[Global] Two new studies of green algae — the scourge of swimming pool owners and freshwater ponds — have revealed new insights into how these organisms siphon carbon dioxide from the air for use in photosynthesis, a key factor in their ability to grow so quickly. Understanding this process may someday help researchers improve the growth rate of crops such as wheat and rice.
In the studies published this week in the journal Cell, the Princeton-led team reported the first detailed inventory of the cellular machinery — located in an organelle known as the pyrenoid — that algae use to collect and concentrate carbon dioxide. The researchers also found that the pyrenoid, long thought to be a solid structure, actually behaves like a liquid droplet that can dissolve into the surrounding cellular medium when the algal cells divide.
“Understanding how algae can concentrate carbon dioxide is a key step toward the goal of improving photosynthesis in other plants,” said Martin Jonikas, an assistant professor of molecular biology at Princeton and leader of the studies, which included collaborators at the Max Planck Institute of Biochemistry in Germany and the Carnegie Institution for Science on the Stanford University campus. “If we could engineer other crops to concentrate carbon, we could address the growing world demand for food,” Jonikas said.
Aquatic algae and a handful of other plants have developed carbon-concentrating mechanisms that boost the rate of photosynthesis, the process by which plants turn carbon dioxide and sunlight into sugars for growth. All plants use an enzyme called Rubisco to “fix” carbon dioxide into sugar that can be used or stored by the plant.
Algae have an advantage over many land plants because they cluster the Rubisco enzymes inside the pyrenoid, where the enzymes encounter high concentrations of carbon dioxide pumped in from the air. Having more carbon dioxide around allows the Rubisco enzymes to work faster.
In the first of the two studies reported this week, the researchers conducted a sweeping search for proteins involved in the carbon-concentrating mechanism of an algae species known as Chlamydomonas reinhardtii. Using techniques the researchers developed for rapidly labeling and evaluating algal proteins, the researchers identified the locations and functions of each protein, detailing the physical interactions between the proteins to create a pyrenoid “interactome.”
The search revealed 89 new pyrenoid proteins, including ones that the researchers think usher carbon into the pyrenoid and others that are required for formation of the pyrenoid. They also identified three previously unknown layers of the pyrenoid that surround the organelle like the layers of an onion. “The information represents the best assessment yet of how this essential carbon-concentrating machinery is organized and suggests new avenues for exploring how it works,” said Luke Mackinder, the study’s first author and a former postdoctoral researcher at the Carnegie Institution who now leads a team of researchers at the University of York, U.K.
In the second study, the researchers report that the pyrenoid, long thought to be a solid structure, is actually liquid-like. Techniques used in previous studies required the researchers to kill and chemically preserve the algae before imaging them. In this new study, the researchers imaged the algae while the organisms were living by using a yellow fluorescent protein to label Rubisco.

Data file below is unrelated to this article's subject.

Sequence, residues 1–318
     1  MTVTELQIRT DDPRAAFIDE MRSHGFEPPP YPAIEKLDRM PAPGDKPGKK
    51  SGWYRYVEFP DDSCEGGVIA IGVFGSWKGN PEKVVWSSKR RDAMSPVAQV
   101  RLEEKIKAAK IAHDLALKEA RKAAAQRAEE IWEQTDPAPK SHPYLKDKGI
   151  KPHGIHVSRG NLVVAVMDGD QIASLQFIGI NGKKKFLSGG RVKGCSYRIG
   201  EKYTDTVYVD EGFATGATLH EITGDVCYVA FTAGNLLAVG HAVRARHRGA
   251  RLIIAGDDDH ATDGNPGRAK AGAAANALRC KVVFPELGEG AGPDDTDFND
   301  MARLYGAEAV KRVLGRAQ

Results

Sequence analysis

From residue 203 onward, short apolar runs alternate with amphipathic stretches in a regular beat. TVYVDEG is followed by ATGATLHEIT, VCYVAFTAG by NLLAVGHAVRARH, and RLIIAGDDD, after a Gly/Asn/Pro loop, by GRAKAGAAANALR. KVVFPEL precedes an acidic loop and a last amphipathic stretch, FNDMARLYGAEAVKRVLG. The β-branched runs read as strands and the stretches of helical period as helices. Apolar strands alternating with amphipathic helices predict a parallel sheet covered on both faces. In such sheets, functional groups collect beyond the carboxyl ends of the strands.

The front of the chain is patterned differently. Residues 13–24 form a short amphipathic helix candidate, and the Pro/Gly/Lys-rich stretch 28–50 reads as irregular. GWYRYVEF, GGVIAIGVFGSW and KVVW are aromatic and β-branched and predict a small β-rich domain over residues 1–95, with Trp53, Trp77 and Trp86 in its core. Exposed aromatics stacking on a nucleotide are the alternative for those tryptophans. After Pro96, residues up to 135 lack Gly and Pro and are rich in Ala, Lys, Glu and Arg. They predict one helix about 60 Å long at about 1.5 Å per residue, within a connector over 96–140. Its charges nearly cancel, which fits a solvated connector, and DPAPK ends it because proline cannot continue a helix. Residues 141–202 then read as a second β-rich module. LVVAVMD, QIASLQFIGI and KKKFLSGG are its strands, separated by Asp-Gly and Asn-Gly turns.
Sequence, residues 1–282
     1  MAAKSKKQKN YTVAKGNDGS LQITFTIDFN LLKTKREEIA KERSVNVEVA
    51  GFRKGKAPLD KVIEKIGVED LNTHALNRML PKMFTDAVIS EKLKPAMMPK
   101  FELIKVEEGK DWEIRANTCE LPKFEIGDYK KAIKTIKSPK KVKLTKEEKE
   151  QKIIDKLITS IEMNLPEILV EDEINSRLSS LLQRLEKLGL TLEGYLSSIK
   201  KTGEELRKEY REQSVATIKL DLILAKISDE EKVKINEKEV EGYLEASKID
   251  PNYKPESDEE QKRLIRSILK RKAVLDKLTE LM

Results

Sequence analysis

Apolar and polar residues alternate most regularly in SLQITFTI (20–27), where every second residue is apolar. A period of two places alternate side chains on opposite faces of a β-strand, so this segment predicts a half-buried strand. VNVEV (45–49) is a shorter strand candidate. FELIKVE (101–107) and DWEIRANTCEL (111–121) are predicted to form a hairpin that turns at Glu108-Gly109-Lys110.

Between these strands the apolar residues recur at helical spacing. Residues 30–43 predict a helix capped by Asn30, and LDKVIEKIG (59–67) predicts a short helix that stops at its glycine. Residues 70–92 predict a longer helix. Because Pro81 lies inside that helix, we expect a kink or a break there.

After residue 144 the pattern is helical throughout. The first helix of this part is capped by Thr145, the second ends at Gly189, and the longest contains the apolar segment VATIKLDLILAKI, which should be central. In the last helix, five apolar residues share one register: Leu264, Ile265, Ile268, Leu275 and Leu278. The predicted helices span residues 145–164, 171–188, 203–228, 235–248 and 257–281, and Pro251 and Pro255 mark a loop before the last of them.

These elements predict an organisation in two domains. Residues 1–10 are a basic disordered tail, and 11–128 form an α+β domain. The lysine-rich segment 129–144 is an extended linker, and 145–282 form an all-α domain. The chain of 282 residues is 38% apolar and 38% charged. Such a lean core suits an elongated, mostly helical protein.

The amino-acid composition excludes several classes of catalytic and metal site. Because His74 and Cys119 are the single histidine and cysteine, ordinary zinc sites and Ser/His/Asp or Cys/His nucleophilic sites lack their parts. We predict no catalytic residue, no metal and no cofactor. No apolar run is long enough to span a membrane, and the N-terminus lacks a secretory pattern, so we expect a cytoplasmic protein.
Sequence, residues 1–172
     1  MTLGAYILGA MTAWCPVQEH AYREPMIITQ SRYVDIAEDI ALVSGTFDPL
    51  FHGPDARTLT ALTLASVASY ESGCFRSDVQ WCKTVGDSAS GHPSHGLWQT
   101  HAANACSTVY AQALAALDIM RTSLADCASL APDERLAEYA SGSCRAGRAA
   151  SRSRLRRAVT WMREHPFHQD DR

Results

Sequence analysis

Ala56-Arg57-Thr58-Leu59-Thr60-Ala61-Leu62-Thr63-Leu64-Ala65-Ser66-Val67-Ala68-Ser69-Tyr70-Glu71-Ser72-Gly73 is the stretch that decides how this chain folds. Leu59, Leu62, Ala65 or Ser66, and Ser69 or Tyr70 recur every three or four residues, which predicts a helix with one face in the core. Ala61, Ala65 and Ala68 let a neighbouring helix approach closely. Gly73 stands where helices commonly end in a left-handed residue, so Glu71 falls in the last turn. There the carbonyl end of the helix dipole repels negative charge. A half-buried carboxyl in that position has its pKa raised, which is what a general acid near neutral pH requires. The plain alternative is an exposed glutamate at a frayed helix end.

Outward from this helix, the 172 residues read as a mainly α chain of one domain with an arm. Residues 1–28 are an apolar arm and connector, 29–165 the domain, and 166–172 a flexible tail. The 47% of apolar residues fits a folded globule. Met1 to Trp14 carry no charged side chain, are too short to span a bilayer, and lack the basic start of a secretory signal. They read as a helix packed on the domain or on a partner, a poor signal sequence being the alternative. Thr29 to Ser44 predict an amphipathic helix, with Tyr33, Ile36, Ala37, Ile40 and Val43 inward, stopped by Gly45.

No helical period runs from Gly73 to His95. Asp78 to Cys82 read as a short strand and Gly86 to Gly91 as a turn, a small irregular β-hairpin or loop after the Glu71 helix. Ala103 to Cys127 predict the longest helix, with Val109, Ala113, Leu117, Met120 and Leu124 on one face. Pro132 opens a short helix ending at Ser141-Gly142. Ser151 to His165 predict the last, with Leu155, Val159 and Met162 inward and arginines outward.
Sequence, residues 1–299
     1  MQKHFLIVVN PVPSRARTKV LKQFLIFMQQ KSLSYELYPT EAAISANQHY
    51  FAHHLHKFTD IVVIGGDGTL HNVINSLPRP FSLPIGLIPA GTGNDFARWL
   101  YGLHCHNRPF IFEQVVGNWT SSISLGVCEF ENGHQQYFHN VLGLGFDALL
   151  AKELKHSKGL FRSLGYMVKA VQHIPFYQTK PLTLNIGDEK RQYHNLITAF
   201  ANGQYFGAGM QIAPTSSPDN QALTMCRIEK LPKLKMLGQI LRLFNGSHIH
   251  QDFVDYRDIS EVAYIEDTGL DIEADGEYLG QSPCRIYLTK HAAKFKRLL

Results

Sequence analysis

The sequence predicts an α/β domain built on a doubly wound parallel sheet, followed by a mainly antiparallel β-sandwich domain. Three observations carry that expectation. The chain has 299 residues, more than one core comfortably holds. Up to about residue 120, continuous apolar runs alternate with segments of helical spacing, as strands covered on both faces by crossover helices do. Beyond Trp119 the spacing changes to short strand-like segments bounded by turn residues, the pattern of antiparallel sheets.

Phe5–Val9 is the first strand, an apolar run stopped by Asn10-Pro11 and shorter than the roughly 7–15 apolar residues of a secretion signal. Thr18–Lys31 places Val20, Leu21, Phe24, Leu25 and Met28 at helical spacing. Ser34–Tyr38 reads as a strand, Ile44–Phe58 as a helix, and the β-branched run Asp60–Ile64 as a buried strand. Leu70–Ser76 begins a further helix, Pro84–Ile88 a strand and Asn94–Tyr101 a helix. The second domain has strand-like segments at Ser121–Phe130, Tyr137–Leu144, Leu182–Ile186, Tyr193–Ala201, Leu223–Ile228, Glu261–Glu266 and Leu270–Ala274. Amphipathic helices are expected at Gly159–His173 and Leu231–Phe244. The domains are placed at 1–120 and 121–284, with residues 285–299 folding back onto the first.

While observing the algae, Elizabeth Freeman Rosenzweig, then a Carnegie Institution graduate student, and Mackinder used a high-powered laser to destroy the fluorescent label on Rubisco in half of the pyrenoid, while leaving the label in the other half of the pyrenoid intact. Within minutes, the fluorescence redistributed to the entire pyrenoid, showing that the enzymes easily moved around as they would in a liquid.
Benjamin Engel, a postdoctoral researcher and project leader at the Max Planck Institute of Biochemistry, further explored this finding using another imaging technique called cryo-electron tomography. He froze and prepared whole algae cells and then imaged them with an electron microscope, which is so sensitive that it can resolve the structures of individual molecules.
The technique enabled Engel to visualize the pyrenoid in three dimensions and at nanometer-resolution. By comparing these images with those of liquid systems, the researchers confirmed that the pyrenoid was organized like a liquid. “This is one of the rare examples where classical genetics, cell biology and high-resolution imaging approaches were all brought together in one investigation,” Engel said.
The study enabled the team to ask how a pyrenoid is passed down to the next generation when the single-celled algae divide into two daughter cells. Freeman Rosenzweig noted that the pyrenoid sometimes fails to divide, leaving one of the daughter cells with no pyrenoid.
Using the fluorescent proteins, the team observed that the cell that failed to receive half the pyrenoid in fact could still form one spontaneously. They found that each daughter cell receives some amount of the pyrenoid in its dissolved form and that these nearly undetectable components can condense into a full-fledged pyrenoid.
“We think the pyrenoid dissolution before cell division and condensation after division may be a redundant mechanism to ensure that both daughter cells get pyrenoids,” Jonikas said. “That way, both daughter cells will have this key organelle that’s critical for assimilating carbon.”